Diary of a large acrylic painting – Part 4

Step 9 – My Excitement is mounting as I reach for my wider colour palette from amongst my box of tricks. The moment I have been waiting for…it’s time to bring Salvatore to life!

How to tempt a good looking Italian chef into the kitchen I wonder, a light Valpolicella or a cheeky Chiantio Classico? Surely a couple of bottles of red will coax him out and for the sake of artistic integrity (research is always important) I just know I will have to test at least one of the bottles from the still life I have set up in my studio to help with my composition. Oh dear, I need to paint a glass of wine…it seems that time is now!

Close up of Wine bottle, glass and tomatoes

Salvatore’s cooking ingredients – good enough to eat!

It’s been a long time since I have sat and truly exercised my powers of observation, but the wine glasses in my large acrylic painting have quietly troubled me since I was asked “so, how do you paint something that’s see through?”

I hadn’t really thought about how I would tackle them until now, but as the saying goes “necessity is the mother of invention”, my response: paint what you see!


Step 10 – A good helping of flake white aded to my stay wet palette I’m ready for…

Close up of Salvatore chef  from the painting

“Salvatore” arrives – Cheers!

…a touch of Cadmium Red (light), followed by a little yellow ochre, (sip)

…gently darkened in places with a little burnt sienna

…a smidgeon of Alizirin Crimson…

…blues eyes or brown?

Decisions, decisions, let’s go hazel…

Well, hello there Salvatore!!

I don’t mind if I do…Cheers!

My very large acrylic painting is nearly finished – add olive oil, green and chilli peppers, large orange cat in top hat (yes, that does say “large orange cat in top hat”), signature and a frame and we’re ready to go. OK, so there’s some time involved, weeks in fact but…

Step 11 – Hang! Welcome to your new home Salvatore!

That used to be that “really big empty wall in our kitchen” – turned out quite nicely, judging by the smile on my face! You can check out this and other large acrylic paintings (and some smaller ones) in my KL Art Gallery

"Salvatore Cooks For..." Photograph of finished painting

“Salvatore Cooks For…” home at last

Diary of a large acrylic painting – Part 3

Step 7 – large acrylic painting taking shape and texture (and just a little colour?)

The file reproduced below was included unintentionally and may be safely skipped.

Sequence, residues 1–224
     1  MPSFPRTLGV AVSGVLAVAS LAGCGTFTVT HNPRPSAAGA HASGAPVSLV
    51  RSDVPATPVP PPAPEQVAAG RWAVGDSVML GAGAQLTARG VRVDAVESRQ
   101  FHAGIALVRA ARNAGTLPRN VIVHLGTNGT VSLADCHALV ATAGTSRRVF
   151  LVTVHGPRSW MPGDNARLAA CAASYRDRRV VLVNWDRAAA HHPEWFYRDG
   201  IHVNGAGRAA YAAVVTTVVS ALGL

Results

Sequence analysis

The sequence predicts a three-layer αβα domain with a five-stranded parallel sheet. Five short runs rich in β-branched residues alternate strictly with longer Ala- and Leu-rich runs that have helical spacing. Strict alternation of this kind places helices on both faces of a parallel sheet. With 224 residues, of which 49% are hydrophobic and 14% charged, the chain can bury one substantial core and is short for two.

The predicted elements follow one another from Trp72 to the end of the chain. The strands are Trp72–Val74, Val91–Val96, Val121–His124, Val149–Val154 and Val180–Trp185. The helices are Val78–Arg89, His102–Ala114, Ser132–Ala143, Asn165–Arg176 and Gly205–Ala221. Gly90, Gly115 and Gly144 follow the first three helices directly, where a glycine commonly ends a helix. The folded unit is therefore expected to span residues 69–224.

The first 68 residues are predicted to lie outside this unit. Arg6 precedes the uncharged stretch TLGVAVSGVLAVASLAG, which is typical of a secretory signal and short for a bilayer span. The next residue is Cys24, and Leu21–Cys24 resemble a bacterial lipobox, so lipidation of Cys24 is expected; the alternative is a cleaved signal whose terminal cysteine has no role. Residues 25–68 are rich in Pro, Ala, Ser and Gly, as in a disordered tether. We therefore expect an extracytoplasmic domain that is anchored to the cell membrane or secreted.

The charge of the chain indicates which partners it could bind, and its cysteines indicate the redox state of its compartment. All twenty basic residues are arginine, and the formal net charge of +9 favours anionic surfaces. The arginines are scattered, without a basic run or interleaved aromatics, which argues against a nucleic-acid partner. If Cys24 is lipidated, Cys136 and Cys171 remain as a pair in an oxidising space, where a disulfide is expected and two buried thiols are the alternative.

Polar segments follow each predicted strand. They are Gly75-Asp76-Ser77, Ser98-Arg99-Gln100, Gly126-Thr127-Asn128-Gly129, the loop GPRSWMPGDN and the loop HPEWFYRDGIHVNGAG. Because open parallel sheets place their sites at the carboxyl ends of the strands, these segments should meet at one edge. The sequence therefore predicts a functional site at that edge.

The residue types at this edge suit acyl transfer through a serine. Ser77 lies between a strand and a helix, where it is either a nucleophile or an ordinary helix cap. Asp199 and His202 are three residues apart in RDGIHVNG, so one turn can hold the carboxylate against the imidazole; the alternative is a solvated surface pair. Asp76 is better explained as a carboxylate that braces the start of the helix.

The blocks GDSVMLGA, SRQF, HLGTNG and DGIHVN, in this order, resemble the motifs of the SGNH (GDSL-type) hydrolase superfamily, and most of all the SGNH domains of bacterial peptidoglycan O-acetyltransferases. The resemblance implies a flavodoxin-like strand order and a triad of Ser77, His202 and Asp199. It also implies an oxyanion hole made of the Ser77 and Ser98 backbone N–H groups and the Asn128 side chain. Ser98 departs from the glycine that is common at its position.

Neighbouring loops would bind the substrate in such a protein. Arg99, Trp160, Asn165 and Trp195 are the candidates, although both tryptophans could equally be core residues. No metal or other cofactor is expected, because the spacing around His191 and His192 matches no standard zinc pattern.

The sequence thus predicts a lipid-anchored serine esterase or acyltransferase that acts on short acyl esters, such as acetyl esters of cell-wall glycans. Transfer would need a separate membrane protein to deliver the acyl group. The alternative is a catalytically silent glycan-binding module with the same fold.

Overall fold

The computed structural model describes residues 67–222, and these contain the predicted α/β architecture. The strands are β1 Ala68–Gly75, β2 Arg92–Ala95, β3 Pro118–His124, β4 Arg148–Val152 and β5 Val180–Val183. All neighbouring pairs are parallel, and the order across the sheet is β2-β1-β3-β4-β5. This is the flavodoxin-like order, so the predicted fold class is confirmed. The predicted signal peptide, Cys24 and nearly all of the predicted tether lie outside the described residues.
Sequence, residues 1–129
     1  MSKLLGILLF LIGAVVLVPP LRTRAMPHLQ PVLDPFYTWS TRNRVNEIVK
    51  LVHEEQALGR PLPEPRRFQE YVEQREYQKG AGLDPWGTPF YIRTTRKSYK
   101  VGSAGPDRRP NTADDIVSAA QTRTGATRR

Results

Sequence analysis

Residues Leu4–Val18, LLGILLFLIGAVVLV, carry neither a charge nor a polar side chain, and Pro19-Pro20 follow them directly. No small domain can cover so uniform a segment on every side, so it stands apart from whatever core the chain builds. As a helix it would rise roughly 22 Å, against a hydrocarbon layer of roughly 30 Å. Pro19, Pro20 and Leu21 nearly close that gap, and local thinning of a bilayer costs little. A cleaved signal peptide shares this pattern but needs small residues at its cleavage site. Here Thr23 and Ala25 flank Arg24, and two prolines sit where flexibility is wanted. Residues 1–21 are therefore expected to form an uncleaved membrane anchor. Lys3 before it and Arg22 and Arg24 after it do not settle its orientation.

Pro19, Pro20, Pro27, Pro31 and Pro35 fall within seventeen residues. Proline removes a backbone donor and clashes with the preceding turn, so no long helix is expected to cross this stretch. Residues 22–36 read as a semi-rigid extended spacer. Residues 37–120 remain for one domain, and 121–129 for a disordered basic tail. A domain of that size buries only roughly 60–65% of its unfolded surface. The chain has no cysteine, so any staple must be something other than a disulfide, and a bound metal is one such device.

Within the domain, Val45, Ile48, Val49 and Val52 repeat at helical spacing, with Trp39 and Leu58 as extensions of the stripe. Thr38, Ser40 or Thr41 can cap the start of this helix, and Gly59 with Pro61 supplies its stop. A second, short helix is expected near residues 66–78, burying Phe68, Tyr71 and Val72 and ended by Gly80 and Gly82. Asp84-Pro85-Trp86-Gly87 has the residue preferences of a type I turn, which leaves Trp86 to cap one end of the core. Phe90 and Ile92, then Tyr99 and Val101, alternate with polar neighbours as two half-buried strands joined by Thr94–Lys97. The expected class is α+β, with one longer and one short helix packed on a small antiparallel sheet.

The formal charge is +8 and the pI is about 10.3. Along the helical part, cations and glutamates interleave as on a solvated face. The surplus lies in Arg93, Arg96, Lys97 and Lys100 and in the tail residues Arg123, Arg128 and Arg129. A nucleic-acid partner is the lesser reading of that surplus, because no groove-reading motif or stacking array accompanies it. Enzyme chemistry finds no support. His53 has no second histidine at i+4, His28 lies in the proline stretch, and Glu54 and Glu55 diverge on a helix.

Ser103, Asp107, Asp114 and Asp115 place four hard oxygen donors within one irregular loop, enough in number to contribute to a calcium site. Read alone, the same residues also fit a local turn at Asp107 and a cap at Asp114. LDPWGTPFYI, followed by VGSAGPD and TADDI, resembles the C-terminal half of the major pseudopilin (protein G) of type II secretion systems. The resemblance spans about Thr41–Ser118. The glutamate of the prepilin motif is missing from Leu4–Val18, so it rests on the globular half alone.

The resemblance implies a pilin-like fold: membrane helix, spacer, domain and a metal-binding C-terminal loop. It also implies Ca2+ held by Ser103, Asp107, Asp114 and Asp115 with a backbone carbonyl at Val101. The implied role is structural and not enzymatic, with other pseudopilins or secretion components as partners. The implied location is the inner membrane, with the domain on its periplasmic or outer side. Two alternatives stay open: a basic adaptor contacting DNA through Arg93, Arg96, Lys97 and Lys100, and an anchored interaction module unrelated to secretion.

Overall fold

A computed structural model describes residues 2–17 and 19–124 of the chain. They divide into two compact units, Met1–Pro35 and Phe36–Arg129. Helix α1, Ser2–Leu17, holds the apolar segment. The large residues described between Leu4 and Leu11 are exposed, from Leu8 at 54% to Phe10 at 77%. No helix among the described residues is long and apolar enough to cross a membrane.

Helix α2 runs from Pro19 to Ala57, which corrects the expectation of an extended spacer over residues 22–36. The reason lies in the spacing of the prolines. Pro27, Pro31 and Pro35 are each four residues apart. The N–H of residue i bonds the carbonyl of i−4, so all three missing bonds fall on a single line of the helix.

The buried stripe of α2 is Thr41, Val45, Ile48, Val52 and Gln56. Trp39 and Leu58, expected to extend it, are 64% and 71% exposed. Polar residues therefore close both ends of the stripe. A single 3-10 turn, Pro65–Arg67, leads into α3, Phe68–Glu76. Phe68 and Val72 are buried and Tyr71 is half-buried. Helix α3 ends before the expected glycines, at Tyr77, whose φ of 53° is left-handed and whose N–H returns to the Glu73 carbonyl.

Ok, so the floor’s finished and I must now find a way to create the various shades and textures of black that appear in other areas of the kitchen.

“Salvatore, I’d like to introduce you to Glaze Medium and pearlescent paint, as well as the colours I’ll be adding to separate my blue black gloss-painted kitchen door from the fluorspar flecked charcoal grey black of the worktops and the metallic shiny black of the oven…..” (Yes, I have also developed the rather odd habit of talking to my painting throughout the course of my working day).

A bit experimental, but I’m using a pearlescent medium, combined with a very pale grey paint to under-paint the kitchen work tops and create the fluorspar flecks in the granite.

Salvatore painting with painted kitchen walls and worktops

“Salvatore’s” temporarily spotty kitchen worktops

These will disappear later as I overpaint with darker glazes and dance as they catch the light in the finished painting, but in the meantime it does look rather strange and I have to trust the experiment will work at the time of painting!

The kitchen cupboards prove easier to assemble than an Ikea flat pack and it’s quite nice to have laid some colour on the walls too!

Step 8 – My approach has worked even better than expected so far…

"Salvatore" receives his kitchen appliances

Salvatore takes delivery of his kitchen appliances

and I’m getting quite excited as I add more features to the room, including the appliances and a hint of colour behind the the frosted windows in the door.

The reflected light of the cooker hood is achieved with a dry brush technique over a glazed black wall.

Each completed piece of background brings me closer to the fun stuff in the foreground (why do I always feel like this like this when I’m painting?).

Salvatore is starting to adopt a slightly ivory attitude now too and I’ve reached the point where the picture now makes it’s own argument for the addition of at least a small amount of subtle colour so it’s time to call in my pals for another discussion about our colour palette…

Fortunately, my pals agree with me……..woohoo!!!! Now, where did I put those paints?

You can see the finished colours in all their glory in the KL Art Gallery.